There are a lot of templates from which to choose (seriously, you will be scrolling through the choices), and you can preview them before making your selection.

Previewing the Template

Templates come with pre-formatted scenes, including text place holders, images, video clips, and background music. Scene transitions are included. You are not forced to use any of the assets in the template. All can be changed. In fact, they will be automatically updated when Invideo scans your text and fetches replacement assets from its library.

Add the text content

You can either provide a URL for the blog article or you can just type in the text you want to use. The URL option will bring in the entire article, which will be way too much to put into a reasonably sized video, so some paring will be required. You don’t have to get things perfect at this point you always have the option to edit your text, no matter where you are in the creation process.

No matter the method used to generate video text, Invideo provides you an opportunity to choose only the best parts of the text content (usually most applicable if you have entered a URL from which to fetch a blog article).

Invideo also offers you the option to have it “auto-generate” scenes based upon keywords in the text. I suggest this option at first. You can always completely edit the results if you don’t like any of the auto-generated scenes or accompanying assets.

Use the Storyboard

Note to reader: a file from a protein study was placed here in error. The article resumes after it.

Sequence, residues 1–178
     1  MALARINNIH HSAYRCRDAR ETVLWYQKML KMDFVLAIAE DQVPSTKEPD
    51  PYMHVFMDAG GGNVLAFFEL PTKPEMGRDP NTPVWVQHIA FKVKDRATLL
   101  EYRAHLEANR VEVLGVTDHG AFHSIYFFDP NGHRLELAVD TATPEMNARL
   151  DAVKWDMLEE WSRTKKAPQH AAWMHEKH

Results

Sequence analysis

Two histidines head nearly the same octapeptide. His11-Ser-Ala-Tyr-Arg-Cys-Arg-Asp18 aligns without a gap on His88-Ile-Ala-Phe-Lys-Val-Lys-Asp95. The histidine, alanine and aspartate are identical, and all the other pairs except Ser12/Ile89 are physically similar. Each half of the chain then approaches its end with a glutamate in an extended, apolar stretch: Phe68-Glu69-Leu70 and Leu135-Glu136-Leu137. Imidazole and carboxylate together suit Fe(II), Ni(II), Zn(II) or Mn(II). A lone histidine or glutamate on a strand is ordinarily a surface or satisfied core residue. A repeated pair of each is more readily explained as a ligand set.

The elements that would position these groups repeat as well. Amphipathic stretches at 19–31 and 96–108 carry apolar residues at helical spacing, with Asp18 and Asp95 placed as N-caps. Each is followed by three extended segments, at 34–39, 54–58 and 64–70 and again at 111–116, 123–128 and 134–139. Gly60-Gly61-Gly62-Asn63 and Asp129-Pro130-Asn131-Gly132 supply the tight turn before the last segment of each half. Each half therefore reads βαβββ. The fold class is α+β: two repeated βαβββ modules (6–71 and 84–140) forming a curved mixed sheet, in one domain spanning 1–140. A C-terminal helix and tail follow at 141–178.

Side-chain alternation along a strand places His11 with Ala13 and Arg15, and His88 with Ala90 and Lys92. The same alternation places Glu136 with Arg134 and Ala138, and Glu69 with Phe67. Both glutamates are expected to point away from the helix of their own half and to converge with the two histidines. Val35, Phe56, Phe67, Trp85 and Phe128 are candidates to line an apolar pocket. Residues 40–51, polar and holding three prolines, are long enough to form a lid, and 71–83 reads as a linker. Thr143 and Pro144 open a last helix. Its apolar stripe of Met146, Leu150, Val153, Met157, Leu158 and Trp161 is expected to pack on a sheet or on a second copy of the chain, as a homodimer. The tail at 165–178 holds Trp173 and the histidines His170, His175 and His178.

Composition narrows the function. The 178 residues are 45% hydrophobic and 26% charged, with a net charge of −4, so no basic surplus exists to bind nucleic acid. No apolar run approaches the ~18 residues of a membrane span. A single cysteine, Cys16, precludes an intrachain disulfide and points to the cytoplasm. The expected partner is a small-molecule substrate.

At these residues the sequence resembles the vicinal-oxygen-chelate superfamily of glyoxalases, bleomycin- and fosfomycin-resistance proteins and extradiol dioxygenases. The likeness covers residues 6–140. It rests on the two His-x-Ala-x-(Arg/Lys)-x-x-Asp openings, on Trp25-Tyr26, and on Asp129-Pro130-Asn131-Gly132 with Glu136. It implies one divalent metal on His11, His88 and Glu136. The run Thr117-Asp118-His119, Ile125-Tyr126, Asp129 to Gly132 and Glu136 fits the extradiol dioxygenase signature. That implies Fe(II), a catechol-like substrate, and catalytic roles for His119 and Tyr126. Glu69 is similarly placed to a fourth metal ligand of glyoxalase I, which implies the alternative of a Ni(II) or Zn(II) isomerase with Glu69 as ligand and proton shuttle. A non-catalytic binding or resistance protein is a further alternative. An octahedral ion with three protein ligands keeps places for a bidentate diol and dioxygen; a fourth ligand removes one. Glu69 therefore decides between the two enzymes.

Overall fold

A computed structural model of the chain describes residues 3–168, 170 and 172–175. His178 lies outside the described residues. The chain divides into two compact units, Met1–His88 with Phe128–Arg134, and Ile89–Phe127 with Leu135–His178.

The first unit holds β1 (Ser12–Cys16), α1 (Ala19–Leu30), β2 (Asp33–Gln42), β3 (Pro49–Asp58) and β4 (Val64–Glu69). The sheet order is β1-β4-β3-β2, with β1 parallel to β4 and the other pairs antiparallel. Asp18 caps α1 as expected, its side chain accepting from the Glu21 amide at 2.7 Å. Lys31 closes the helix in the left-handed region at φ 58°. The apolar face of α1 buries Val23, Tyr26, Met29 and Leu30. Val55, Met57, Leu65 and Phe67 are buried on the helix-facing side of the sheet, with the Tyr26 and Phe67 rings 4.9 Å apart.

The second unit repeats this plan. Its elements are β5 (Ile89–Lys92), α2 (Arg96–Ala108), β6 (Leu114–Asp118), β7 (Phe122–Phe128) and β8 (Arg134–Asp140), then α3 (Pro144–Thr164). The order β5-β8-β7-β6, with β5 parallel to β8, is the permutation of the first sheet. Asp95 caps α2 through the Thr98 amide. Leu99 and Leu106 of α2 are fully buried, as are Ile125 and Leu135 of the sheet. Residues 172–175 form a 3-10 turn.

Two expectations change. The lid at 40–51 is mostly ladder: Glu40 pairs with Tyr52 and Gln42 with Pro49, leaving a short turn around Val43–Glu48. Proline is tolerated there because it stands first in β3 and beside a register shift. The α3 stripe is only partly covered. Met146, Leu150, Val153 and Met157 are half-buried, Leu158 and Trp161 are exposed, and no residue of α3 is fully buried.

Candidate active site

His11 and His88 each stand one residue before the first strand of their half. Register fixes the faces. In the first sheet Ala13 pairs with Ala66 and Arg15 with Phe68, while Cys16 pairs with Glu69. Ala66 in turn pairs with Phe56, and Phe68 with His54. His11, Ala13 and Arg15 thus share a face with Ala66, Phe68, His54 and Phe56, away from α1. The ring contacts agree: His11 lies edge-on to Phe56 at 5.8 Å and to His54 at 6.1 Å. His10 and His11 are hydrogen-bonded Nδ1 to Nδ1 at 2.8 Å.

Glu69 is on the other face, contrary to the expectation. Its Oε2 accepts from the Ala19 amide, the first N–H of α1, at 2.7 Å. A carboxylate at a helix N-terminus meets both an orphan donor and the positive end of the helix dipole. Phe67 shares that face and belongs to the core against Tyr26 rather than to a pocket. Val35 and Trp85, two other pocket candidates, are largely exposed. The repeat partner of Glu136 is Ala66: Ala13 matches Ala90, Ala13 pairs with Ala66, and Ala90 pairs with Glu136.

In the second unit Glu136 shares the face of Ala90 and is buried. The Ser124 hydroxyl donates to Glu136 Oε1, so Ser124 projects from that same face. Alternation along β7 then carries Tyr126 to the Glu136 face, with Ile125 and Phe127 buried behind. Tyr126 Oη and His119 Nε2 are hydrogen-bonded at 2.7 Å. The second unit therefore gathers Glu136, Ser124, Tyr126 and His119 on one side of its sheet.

When auto-generate is complete you’ll be taken to the storyboard, where you can review the scenes created by Invideo. The creation process is not perfect. Often Invideo will not able to find either video or image assets to match part of your content. When this happens it will substitute a black background for the scene the scene text in white over top.

Not to worry though, you can manually search Invideo’s library of assets and choose the appropriate images and/or videos.

The storyboard is used for what I would call “large, rough edits” to the auto-generated video. Here you can easily:

  • Change the images or videos of any scene
  • Add, delete, edit, or re-order scenes
  • Duplicate scenes
  • Edit the text content used to generate the scenes
  • Upload your own media
  • Add or remove background music
  • Access the Basic Editor for more control
The Storyboard — note Invideo could not find a suitable visual for the first scene